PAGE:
Even agricultural producers who don’t participate in government subsidized programs need to know what the central planners have in mind for the next few years.
So it’ s no surprise that, while the ag lobby is as divided as the rest of America’s body politic, I can think of just about nobody who hasn’t signed onto the Farm Bill Now movement.
In my part of the world, farmers are having to decide now if they’ll devote acreage to wheat or summers crops, and that decision depends almost as much on how the farm program plays out as it does on the weather and markets.
Around here, you can predict the weather with some accuracy, so long as you predict hot and dry. At least, you can manage around it. There are forward contracts and futures markets to help with marketing.
But who can predict what’s next in Washington? You can guess. You can read AgWeb and estimate. But you’re working with pre-election rhetoric, and history indicates the prudent manager puts not much stock in that stuff.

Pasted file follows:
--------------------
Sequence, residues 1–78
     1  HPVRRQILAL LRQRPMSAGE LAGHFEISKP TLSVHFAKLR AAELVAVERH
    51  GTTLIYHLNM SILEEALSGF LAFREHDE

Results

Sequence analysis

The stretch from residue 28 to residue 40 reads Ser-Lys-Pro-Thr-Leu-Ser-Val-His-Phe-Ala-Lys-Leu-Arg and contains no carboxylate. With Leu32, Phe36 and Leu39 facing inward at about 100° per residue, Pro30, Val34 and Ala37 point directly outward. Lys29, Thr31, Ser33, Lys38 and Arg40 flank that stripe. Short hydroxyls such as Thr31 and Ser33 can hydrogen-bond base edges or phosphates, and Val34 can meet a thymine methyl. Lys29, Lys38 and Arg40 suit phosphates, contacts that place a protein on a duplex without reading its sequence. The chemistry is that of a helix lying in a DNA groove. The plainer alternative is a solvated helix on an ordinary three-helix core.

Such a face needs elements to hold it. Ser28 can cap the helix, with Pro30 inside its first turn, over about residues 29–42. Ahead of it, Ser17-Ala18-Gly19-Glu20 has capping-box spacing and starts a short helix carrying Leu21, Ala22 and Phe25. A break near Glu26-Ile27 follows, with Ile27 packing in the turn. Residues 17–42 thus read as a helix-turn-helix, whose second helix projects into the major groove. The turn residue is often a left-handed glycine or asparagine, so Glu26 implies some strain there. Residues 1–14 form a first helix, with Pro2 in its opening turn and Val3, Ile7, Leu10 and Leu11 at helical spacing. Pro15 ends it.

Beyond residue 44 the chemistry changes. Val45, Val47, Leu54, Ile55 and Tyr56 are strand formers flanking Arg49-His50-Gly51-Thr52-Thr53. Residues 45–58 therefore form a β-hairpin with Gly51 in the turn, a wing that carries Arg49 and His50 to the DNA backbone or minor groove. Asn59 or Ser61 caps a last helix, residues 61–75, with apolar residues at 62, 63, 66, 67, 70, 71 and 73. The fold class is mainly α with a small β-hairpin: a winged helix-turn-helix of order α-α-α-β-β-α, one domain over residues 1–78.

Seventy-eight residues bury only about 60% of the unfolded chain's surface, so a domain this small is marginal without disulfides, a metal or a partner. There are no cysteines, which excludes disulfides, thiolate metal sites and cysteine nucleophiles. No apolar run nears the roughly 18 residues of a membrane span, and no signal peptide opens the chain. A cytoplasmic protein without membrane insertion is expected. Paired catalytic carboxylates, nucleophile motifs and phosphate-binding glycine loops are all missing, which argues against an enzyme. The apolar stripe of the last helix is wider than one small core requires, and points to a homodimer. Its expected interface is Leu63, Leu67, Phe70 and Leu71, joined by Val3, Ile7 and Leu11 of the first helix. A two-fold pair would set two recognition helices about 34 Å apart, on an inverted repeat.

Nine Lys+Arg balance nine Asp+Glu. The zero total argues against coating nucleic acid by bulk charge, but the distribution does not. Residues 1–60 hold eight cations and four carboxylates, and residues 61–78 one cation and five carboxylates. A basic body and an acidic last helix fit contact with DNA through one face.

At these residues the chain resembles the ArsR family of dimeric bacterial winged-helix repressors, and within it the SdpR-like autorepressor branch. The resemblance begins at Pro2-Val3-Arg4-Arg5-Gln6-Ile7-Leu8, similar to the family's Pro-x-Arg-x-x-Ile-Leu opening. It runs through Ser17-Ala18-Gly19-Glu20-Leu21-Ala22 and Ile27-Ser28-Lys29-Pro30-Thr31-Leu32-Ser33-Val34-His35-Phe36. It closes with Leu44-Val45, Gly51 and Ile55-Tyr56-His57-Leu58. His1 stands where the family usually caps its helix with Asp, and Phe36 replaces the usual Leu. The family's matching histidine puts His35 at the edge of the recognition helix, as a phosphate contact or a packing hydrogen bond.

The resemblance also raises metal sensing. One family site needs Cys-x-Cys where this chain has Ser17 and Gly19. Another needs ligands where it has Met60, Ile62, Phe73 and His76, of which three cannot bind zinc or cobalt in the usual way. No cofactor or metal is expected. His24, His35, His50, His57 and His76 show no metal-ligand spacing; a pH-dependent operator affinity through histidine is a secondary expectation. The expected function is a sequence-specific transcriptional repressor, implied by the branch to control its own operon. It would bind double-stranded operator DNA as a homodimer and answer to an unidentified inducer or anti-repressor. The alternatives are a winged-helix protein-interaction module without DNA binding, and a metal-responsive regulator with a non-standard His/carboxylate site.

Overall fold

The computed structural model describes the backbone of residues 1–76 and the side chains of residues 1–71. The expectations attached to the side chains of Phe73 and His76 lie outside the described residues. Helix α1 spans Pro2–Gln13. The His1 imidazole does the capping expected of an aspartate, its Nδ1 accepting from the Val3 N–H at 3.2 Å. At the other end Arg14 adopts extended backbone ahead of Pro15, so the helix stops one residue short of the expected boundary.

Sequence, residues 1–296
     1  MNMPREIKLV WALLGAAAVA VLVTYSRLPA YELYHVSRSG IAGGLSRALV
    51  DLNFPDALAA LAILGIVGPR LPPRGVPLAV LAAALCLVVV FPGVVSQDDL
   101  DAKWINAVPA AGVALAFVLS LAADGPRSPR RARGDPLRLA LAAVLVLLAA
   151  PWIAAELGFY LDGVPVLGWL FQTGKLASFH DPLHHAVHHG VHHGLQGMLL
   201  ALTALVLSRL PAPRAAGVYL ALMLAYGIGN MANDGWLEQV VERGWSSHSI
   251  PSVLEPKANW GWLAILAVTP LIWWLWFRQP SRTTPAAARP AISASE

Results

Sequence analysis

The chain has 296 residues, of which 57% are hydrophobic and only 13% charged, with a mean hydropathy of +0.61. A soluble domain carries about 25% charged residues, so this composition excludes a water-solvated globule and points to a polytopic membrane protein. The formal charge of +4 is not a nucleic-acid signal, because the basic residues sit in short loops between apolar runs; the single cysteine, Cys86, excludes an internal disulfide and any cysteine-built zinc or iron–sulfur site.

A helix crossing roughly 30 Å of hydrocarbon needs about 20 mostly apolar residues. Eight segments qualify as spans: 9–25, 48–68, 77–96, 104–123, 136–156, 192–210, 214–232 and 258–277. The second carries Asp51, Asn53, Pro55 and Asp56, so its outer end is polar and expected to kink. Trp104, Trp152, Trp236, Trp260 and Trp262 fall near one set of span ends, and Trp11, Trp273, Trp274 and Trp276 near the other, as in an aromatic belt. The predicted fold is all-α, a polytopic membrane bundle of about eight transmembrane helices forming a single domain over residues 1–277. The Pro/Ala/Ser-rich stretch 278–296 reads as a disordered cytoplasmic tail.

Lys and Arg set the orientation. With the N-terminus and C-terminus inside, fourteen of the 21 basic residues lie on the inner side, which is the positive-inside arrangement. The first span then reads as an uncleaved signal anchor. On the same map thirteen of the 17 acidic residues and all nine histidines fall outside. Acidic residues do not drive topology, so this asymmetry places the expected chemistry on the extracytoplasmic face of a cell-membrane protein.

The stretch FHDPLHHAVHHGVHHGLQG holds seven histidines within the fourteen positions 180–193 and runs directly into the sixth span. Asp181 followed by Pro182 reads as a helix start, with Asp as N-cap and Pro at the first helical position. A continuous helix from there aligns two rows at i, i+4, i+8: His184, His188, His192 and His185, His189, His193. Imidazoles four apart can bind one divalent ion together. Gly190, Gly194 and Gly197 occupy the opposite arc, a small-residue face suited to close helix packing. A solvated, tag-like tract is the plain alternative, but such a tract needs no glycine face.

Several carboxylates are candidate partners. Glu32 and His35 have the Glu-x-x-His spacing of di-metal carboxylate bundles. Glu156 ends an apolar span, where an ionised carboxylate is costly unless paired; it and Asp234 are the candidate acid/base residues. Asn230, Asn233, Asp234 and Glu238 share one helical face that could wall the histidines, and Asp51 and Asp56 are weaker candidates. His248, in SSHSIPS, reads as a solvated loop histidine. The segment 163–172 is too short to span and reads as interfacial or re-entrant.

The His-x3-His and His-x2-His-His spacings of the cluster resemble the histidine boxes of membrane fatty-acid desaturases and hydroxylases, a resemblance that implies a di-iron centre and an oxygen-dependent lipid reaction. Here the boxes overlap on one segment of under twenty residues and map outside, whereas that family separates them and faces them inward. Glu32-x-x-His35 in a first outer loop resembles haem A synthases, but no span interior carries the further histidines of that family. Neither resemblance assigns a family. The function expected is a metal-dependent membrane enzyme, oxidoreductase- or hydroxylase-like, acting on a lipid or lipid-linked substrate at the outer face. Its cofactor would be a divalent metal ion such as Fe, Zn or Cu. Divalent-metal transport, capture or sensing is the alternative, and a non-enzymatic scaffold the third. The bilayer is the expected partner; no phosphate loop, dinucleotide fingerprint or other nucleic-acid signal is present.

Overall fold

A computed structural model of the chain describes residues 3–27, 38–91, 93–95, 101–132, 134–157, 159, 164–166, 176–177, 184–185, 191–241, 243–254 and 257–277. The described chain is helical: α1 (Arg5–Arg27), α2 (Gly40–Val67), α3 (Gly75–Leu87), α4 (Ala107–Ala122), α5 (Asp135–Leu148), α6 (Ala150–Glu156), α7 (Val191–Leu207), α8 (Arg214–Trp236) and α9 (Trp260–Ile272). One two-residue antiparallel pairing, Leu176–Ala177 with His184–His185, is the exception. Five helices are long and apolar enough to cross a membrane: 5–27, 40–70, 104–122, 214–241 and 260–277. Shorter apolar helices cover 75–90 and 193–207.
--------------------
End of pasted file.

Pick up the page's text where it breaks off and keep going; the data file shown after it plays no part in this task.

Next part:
So, I’m not a farm group. And, in fact, I get no subsidies, except the indirect ones that USED to keep corn prices cheap. But I heartily endorse those who are trying to put extra pressure on Congress to get something—ANYthing, as far as I’m concerned—done as soon as possible.
So go to http://www.farmbillnow.com/ and add your name to the online petition.